Overview of Biological Treatment
- BCG or Bacillus Calmette-Guérin (ba-SIL-us KAL-met gay-RAIN) treats bladder tumors or bladder cancer.
- IL-2 or Interleukin-2 (in-ter-LOO-kin 2) treats certain types of cancer.
- Interferon alpha (in-ter-FEER-on AL-fa) treats certain types of cancer.
- Rituxan or Rituximab (ri-TUX-i-mab) treats non-Hodgkin's lymphoma.
- Herceptin (her-SEP-tin) or Trastuzumab treats breast cancer.
- Make the cancer cell more visible to the immune system. A monoclonal antibody marks the cancer cell so that the immune system can recognize it as a danger.
- Block growth signals. Chemicals called growth factors signal the cancer and healthy cells to grow. Certain cancer cells make extra copies of the growth factor receptor so they grow faster than normal cells. Monoclonal antibodies can block these receptors and prevent the growth signal from getting through.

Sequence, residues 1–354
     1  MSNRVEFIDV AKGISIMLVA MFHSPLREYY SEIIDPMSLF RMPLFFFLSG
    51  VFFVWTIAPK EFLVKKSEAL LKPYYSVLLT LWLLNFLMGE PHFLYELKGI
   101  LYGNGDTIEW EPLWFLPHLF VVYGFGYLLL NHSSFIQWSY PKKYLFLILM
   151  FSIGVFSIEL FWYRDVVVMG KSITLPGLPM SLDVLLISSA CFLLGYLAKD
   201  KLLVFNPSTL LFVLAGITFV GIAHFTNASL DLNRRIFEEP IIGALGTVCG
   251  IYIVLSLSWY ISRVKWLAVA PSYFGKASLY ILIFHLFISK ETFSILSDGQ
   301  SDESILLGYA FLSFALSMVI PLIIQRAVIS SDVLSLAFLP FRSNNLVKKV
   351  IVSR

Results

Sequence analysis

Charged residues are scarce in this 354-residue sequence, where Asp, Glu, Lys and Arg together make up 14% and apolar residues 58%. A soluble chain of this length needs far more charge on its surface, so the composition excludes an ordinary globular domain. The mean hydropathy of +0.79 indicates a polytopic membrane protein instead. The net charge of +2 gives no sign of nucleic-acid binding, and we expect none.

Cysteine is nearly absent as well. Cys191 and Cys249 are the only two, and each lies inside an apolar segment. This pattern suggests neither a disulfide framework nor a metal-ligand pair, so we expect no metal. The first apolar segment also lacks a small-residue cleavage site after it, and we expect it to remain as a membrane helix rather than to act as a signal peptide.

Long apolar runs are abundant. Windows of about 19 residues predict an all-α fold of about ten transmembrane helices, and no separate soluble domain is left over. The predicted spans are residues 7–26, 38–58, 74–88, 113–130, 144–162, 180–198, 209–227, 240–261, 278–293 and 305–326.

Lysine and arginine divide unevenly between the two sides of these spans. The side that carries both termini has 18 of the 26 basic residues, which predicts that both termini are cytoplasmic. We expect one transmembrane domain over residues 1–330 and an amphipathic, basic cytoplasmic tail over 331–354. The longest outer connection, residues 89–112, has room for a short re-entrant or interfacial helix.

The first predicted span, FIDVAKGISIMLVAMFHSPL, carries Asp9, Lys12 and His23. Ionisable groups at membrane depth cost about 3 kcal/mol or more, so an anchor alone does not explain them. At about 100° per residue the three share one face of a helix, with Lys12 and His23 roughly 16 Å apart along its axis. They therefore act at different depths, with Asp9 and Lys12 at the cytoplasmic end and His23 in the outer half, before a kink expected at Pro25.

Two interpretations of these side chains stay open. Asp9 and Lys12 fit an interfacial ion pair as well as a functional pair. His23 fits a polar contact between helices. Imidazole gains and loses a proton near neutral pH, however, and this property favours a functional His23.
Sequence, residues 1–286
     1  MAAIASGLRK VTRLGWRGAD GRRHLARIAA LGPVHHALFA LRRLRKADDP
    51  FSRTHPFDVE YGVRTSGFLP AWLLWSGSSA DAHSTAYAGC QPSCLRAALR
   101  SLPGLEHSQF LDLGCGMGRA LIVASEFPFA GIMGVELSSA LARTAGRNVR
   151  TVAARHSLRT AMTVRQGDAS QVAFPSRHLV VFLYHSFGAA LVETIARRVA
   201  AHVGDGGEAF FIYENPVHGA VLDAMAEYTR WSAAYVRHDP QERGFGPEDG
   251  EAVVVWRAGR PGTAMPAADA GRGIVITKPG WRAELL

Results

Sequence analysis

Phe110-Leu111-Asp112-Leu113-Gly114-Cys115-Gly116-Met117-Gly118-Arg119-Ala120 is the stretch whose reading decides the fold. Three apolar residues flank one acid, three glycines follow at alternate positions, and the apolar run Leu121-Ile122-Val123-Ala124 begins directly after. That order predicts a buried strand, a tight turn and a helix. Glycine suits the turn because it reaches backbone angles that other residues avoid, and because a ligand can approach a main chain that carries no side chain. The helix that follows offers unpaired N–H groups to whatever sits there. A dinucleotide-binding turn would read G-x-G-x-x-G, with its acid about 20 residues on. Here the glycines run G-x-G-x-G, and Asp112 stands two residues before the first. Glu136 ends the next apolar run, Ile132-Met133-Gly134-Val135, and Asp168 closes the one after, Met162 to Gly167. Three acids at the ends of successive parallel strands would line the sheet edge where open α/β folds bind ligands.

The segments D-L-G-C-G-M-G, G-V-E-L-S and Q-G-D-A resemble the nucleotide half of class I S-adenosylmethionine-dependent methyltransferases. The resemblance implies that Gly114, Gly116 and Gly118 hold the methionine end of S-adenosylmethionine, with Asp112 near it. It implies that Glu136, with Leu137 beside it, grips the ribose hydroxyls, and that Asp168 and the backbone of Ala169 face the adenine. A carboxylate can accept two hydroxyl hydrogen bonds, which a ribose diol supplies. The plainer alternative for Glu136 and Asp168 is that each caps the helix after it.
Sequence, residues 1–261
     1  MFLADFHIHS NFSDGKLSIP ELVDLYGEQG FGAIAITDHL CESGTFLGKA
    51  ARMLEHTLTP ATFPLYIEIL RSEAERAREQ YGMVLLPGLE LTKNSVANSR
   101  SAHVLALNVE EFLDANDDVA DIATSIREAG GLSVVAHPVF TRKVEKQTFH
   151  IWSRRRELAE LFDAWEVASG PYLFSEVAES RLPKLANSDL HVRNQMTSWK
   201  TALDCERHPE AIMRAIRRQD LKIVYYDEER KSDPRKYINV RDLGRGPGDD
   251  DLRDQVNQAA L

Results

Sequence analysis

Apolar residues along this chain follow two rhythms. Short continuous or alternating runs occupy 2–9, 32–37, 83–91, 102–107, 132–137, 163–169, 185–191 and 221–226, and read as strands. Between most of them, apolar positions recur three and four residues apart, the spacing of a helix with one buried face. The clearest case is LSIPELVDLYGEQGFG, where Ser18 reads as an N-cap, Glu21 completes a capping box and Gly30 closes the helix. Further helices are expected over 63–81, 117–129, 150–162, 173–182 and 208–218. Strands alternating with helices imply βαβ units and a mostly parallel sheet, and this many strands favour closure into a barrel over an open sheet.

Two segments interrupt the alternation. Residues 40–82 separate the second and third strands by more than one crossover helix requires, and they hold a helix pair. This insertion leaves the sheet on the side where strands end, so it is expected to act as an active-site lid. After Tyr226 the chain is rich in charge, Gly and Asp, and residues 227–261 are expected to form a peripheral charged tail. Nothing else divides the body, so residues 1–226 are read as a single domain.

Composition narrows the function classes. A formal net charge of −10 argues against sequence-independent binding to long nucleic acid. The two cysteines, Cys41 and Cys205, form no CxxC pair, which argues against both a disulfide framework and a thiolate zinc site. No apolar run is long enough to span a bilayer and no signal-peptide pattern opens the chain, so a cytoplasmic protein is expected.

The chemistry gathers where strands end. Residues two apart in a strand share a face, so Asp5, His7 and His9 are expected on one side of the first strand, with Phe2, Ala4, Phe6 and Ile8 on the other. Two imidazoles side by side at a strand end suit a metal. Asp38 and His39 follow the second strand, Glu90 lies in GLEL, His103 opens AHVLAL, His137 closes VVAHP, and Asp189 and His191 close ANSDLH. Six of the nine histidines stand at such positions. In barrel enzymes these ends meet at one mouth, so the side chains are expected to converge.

- Deliver radiation to cancer cells. By combining a radioactive particle with a monoclonal antibody, doctors can deliver radiation directly to the cancer cells. This way, most of the surrounding healthy cells aren't damaged. Radiation-linked monoclonal antibodies deliver a low level of radiation over a longer period of time, which researchers believe is as effective as the more conventional high-dose external beam radiation. Ibritumomab (Zevalin), approved for non-Hodgkin's lymphoma, combines a monoclonal antibody with radioactive particles. The ibritumomab monoclonal antibody attaches to receptors on cancerous blood cells and delivers the radiation.
- Slip powerful drugs into cancer cells. Powerful anti-cancer drugs or toxins can be attached to monoclonal antibodies. The drugs remain inactive until they're inside the target cells, lowering the chance of harming other cells. Gemtuzumab (Mylotarg), approved for treating a certain type of acute myelogenous leukemia, is a monoclonal antibody attached to a potent anti-cancer drug made from a bacterium. The monoclonal antibody in gemtuzumab attaches to specific receptors on leukemic cells. Then the anti-cancer drug enters the cancer cell and is activated, causing the cancer cell to die.